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Confidence in U.S. Treasuries ‘Slightly Eroded,’ Lagarde Says

IMF’s Lagarde Says Clock Is ‘Ticking’ for U.S.
Christine Lagarde, managing director of the International Monetary Fund (IMF), said that a U.S. default "would be terrible" for the U.S. and for the economy at large. Photographer: Scott Eells/Bloomberg

Christine Lagarde, the new chief of the International Monetary Fund, said confidence in U.S. Treasuries is “slightly eroded” as politicians continue to squabble over whether to raise the country’s debt limit.

“There was a positive bias toward the United States of America, toward Treasury bills,” Lagarde said in an interview on CNN’s “Fareed Zakaria GPS” to be broadcast tomorrow.

“The current crisis is probably chipping into that very positive bias,” she said, according to a transcript provided by CNN. The “very strong confidence” in Treasury bonds is “slightly eroded at the moment.”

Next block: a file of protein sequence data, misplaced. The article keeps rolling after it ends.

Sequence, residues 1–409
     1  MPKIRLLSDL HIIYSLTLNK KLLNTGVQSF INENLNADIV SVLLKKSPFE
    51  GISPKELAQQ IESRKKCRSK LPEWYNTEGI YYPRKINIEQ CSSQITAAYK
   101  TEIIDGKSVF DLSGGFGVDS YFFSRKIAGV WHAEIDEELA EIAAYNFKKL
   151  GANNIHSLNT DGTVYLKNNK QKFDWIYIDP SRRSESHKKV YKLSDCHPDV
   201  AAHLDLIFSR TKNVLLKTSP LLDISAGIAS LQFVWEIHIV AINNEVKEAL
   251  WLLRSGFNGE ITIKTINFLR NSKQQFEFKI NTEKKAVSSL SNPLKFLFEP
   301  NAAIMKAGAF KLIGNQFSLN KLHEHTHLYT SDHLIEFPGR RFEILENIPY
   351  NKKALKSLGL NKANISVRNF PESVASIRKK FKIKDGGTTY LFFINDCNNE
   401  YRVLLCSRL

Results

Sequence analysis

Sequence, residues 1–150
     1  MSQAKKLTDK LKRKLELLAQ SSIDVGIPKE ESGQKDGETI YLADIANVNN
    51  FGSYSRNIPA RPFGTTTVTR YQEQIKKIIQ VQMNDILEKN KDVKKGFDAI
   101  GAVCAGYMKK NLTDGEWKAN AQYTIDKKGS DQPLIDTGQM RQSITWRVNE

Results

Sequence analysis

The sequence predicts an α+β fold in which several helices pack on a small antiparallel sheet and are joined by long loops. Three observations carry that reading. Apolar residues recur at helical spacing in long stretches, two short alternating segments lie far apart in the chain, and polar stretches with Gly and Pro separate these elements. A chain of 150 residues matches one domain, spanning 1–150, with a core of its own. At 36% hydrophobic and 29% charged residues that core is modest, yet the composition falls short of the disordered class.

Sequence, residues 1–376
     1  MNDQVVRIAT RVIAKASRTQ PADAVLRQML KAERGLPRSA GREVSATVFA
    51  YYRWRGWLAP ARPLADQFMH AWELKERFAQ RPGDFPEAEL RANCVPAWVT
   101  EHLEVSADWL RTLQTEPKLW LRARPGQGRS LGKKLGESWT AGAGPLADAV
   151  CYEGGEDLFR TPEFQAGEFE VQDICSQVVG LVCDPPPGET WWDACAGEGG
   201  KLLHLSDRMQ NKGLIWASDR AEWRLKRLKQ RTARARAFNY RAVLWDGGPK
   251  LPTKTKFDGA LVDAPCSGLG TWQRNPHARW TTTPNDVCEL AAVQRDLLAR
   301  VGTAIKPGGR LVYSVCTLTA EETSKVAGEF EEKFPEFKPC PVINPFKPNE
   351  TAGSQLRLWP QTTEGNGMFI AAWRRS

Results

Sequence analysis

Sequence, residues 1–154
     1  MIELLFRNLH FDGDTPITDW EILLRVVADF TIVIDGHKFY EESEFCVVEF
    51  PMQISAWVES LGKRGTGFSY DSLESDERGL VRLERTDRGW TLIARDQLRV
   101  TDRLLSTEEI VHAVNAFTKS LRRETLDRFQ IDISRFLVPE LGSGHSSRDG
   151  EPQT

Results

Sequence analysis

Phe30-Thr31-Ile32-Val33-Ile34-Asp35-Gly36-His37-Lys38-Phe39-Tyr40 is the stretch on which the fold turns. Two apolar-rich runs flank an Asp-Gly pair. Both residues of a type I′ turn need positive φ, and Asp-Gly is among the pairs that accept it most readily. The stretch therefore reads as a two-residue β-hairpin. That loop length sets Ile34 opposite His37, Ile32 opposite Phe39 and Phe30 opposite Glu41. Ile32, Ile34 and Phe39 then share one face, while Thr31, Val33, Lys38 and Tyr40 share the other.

Congress entered the final weekend before a threatened default deadlocked over legislation to raise the debt limit as President Barack Obama appealed to party leaders to reach a compromise. The Treasury Department has said the U.S. will breach its borrowing limit and run out of options for avoiding default if the $14.3 trillion ceiling isn’t raised by Aug. 2.

“This level of uncertainty, the trepidation arising from August the 2nd, is bringing about a lot of instability,” Lagarde said.

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